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The Red Hat Kernel Live Patching Program has been in place for five years, at the time of writing.  Live patching has proven to be a more reliable way to help improve the security posture of running kernels, while at the same time minimizing application downtime. From the start, however, we've been trying to bridge a difficult gap: Support the running kernel for as long as possible while also keeping up with the many, many concurrent kernels customers are running.

We’re rolling out what we believe is an elegant solution that meets customer requirements. Going forward, live patching will become what amounts to its own patch stream, allowing customers to get live patches for a critical and important CVE for any supported kernel for a full year after the kernel is updated. This allows you to reboot on your own schedule. The tradeoff is that there are no longer live patches for every errata kernel, but only selected kernels (approximately quarterly) in the various errata streams.

This process is evolving based on feedback from key customers. For example, we're working to find the ideal balance between how many kernels we support and whether we need to support specific errata kernels for longer than one year (one year is the industry standard "no reboot" window.)

An example scenario: If you upgrade to RHEL 9.6 when it arrives, then you can get live patches for the initial 9.6 release kernel for up to a year (as compared to the previous 6 months). Red Hat believes it’s unwise to go longer than a year without rebooting and upgrading your kernel, but we want to move the decision of when to reboot from Red Hat to the customer.

Existing live patching release model

Before this change, Red Hat had been providing live patches for every errata kernel. Our kernel team released an errata kernel every six weeks for every actively supported minor and E4S version (currently 7.9, 8.2, 8.4, 8.6, 8.8, 8.10, 9.2, 9.4, and 9.3). That's almost 100 active kernels in Q2CY24, with a six-month support window for each kernel. It's a ton of kernels to evaluate for each patch.

In the existing model, no matter which errata kernel you were on, you could get live patches for about 6 months. After 6 months, you'd need to upgrade to a new errata kernel on your current minor version, or to a new minor version, to keep getting live patches.

Confusing, right? And on top of that, this cadence doesn't meet some customer SLAs (some vendors, for example, let you patch the same kernel for up to a year).

Example of the existing cadence

Under the current model, if you upgraded to RHEL 9.6 when it arrived, then you could get live patches for that kernel for six months. After six months, you'd need to either install the latest 9.6 errata kernel again to enable another 6 months of live patches, or upgrade to a later minor version (9.7 or 10.1). You'd have to do one or the other, and then reboot, every six months to stay covered.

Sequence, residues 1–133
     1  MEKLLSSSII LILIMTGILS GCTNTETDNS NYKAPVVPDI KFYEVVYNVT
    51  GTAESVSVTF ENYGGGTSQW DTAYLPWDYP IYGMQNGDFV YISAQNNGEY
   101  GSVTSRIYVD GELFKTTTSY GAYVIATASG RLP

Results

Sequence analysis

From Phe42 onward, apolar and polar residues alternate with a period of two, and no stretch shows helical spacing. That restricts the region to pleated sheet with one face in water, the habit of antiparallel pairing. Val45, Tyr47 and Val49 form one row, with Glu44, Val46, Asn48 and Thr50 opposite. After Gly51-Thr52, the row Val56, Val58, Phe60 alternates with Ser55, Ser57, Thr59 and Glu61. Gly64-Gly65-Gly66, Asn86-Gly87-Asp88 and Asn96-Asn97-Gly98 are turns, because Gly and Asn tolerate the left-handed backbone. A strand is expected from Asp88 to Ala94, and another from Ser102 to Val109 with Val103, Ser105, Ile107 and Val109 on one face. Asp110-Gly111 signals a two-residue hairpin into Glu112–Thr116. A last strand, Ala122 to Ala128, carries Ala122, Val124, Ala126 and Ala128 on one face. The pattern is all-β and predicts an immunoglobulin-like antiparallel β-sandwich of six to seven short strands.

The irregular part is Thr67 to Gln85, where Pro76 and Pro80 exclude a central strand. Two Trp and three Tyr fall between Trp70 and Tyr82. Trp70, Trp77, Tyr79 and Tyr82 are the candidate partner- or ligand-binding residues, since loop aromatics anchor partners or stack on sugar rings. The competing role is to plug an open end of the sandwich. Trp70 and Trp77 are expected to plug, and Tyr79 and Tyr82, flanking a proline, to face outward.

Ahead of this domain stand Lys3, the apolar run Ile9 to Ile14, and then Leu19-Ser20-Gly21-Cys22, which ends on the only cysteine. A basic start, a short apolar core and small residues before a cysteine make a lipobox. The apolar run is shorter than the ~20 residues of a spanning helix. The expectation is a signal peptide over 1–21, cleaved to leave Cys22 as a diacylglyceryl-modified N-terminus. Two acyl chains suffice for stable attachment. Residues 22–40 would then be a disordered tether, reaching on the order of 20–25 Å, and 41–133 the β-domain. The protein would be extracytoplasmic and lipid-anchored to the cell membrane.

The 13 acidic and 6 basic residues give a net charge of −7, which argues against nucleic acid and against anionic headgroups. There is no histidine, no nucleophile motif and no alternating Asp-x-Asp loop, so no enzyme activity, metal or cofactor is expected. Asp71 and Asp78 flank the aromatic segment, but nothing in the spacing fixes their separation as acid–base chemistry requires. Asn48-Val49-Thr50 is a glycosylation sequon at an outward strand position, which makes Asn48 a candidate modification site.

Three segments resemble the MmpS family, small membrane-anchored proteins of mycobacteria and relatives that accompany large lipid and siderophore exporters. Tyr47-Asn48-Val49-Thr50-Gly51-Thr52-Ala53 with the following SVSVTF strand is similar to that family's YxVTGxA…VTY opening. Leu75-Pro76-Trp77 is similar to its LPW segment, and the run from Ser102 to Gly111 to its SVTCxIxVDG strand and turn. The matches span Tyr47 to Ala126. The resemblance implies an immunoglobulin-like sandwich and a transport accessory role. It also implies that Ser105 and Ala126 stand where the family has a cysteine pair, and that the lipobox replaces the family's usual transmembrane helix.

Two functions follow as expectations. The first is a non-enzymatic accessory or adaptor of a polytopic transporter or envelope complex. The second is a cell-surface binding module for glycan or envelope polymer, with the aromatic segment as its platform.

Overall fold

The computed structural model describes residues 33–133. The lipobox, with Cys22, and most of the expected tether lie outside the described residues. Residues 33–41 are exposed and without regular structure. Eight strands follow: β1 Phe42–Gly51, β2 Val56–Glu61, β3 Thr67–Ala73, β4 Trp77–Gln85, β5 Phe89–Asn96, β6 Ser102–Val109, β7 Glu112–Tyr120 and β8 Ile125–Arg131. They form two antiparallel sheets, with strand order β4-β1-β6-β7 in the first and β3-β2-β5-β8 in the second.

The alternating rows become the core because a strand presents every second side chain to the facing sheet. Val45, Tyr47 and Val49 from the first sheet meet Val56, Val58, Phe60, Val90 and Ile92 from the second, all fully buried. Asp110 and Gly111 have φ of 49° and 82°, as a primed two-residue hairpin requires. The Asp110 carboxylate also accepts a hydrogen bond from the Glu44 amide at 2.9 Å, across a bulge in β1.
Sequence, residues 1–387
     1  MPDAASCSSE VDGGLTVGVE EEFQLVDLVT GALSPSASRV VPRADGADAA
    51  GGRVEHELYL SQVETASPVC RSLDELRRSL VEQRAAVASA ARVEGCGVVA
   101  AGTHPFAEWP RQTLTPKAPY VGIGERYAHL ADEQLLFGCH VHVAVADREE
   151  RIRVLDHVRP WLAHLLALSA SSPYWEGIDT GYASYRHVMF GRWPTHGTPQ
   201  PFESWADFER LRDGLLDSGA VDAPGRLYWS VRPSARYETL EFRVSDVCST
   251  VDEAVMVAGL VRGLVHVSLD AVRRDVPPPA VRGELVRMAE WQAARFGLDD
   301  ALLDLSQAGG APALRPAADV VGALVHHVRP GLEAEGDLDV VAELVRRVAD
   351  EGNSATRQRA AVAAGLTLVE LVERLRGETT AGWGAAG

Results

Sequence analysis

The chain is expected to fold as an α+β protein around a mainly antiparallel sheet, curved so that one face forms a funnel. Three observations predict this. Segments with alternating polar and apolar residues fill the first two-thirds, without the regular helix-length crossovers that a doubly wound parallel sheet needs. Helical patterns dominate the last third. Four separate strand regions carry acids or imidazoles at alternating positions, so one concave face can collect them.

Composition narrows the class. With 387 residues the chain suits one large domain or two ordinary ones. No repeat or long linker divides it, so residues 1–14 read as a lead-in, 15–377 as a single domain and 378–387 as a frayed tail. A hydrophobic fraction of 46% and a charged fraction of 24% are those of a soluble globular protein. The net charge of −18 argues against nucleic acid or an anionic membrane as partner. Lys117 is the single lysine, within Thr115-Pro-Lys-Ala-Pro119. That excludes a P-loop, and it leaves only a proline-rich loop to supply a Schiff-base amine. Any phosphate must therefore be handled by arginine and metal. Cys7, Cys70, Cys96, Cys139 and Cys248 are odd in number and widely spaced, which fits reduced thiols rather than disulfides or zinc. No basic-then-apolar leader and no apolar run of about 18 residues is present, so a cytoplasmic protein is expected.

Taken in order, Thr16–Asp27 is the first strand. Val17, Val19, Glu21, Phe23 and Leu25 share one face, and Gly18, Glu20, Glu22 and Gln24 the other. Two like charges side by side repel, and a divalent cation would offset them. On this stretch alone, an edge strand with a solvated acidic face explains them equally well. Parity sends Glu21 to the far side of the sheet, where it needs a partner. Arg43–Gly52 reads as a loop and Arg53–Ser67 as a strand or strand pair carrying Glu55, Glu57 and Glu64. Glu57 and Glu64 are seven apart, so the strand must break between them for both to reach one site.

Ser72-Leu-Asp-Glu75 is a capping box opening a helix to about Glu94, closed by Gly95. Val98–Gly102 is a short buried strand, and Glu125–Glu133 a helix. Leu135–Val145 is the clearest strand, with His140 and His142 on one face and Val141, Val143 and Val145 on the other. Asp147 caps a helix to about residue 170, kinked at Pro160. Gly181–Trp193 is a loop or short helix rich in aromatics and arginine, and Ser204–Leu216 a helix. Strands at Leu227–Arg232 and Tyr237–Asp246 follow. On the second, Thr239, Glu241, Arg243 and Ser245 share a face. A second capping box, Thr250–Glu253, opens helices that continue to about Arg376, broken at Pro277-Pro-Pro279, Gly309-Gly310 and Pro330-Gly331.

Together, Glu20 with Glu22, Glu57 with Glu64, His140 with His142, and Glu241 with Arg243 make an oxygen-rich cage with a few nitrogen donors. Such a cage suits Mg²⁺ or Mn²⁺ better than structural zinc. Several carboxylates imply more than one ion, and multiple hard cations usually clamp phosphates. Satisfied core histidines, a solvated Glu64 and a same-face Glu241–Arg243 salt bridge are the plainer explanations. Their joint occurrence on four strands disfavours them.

A better idea, born of necessity

Recently, our kernel team decided to release errata kernels as often as weekly to better meet compliance requirements. This made the current "every errata" live patching model unsustainable, and forced us to rethink the problem.

Going forward, instead of trying to provide live patches for every kernel, we're asking customers using live patches to adopt a new patching pattern. Red Hat's live patching will patch fewer kernels, but provide live patches for those kernels for a longer stretch. This is a win-win because it removes any need to force a customer to reboot on a Red Hat schedule, and it doesn't require Red Hat engineering to meet a possibly unachievable demand.

Customers will be able to figure out which kernels have live patches by monitoring the errata stream.  We'll also provide an updated base kernel for each active errata stream approximately every three months.

Example of the new cadence

If you install the upcoming RHEL 9.6 on a machine you want to use with live patching, you'll install the newest available kernel that has live patching support. You'll then install the newest cumulative live patch set (if there is one). From that point forward, you'll get live patches on that kernel for a full year, with the ability to refresh the 9.6 kernel as often as every three months.

Customers get longer reboot windows AND fresh kernel quarterly

Red Hat still recommends you update your on-disk kernel as often as practical because:

  • Live patches don't cover every available CVE and bug fix, so it's wise to update the underlying kernel periodically
  • Customers probably need to reboot periodically for other reasons, which is a good opportunity to perform a kernel update
  • If your organization has SLAs for CVEs not covered by live patching, you can meet those SLAs by refreshing the base kernel

That said, for as long as it works for your organization, you'll have strong coverage for critical and important CVEs without having to reboot as often just to get CVE-related patches.

For information on which kernels have kpatch support please see the Kernel Live Patch life cycles page.

Sobre o autor

Bob Handlin has helped build and promote products in various parts of the tech industry for more than 20 years. He currently focuses on RHEL migrations and upgrades, but also assists with storage technologies and live patching.

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